Implied Volatility Rank
Implied Volatility is one of the most critical concepts in trading options. It is a measure of how cheap or expensive an option is. In Option Samurai we use IV Rank (percentile) to measure how expensive or inexpensive the IV is. For example: If a stock has an IV Rank of 95%. This means that 95% of the days had lower IV over the last year than the current one. Or to put it simply: The current IV is high.
We have tested IV rank on indexes and significant stocks, and we can see that this calculation is mean-reverting, meaning – After a high IV Rank, we can expect a decrease in IV – and vice verse.
Here are results on five highly liquid blue-chip stocks:
The tables above summarize the average future IV change after different IV rank thresholds. The columns show us what was the average change after 5,10,20 and 30 trading days (corresponds to 1 week to ~45 calendar days).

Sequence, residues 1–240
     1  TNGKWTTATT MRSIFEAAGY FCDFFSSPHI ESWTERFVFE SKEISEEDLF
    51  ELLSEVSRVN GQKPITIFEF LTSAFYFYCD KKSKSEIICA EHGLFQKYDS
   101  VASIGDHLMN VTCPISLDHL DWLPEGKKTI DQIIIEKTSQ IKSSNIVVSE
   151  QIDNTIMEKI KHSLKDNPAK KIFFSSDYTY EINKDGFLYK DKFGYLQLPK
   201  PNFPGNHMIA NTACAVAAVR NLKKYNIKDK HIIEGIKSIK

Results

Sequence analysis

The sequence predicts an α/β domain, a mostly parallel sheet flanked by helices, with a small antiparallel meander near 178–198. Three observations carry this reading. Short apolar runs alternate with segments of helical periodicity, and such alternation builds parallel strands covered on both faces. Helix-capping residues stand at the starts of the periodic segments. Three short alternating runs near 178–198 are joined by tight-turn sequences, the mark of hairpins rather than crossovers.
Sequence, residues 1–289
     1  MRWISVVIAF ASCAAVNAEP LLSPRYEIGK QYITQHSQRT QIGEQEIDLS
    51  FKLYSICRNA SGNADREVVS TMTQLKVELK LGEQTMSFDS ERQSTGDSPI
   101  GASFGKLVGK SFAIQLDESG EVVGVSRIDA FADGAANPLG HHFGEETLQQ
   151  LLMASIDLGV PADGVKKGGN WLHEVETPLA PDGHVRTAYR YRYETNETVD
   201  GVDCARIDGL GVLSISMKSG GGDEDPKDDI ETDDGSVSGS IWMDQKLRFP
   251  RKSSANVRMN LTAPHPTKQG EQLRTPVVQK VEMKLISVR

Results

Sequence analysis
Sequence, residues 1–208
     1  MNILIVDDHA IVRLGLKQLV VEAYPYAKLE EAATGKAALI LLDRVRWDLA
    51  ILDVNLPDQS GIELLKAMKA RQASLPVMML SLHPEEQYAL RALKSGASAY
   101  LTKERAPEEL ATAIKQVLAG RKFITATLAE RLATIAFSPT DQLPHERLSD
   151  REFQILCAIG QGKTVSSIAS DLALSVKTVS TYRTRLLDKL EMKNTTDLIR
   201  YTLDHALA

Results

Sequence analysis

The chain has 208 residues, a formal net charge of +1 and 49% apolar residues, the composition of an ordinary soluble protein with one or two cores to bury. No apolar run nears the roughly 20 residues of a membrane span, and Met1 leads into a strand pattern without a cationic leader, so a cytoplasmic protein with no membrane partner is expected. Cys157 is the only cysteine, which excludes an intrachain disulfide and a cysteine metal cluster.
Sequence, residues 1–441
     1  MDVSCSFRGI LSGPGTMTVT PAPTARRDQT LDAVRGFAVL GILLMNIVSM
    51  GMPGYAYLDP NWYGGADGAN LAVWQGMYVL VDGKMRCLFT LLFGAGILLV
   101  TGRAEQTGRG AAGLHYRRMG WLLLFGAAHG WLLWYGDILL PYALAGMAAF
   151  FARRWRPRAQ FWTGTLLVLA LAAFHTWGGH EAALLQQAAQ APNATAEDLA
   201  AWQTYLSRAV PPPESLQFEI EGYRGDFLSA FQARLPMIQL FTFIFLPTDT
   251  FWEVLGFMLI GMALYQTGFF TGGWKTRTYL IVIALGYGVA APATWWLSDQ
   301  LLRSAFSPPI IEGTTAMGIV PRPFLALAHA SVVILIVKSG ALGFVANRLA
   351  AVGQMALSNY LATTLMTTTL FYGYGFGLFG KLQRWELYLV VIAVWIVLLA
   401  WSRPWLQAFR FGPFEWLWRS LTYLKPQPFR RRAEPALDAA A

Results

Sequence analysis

For example, We can see that the IV in Amazon decreased 10.36% on average after the IV rank was above 90 percentile. Similarly, a month after it was below 10, it increased by 32.17%.
GE is a notable example of a stock that behaves a bit differently: When IV was low, we didn’t see a consistent increase in IV. This is because GE crashed during our test period from about $30 to $6 (and less), and it affected the IV. We like this example because even when the IV doesn’t behave exactly as expected, it is still reliable and doesn’t break completely.
To summarize: IV rank (percentile) is mean-reverting and can help us predict the future IV move. After a high IV rank we can expect IV to decrease and vise versa.
This helps us in trading and increases our edge: when we see a high IV rank, we want to use strategies that profit from a decrease in IV, such as selling options. When we see low IV rank – for example, 10 – we can expect a rise in Volatility and might consider buying options.
Using IV rank on Option Samurai:
- Our October 2020 backtest results of IV rank vs IV
More research into Implied Volatility (from the blog)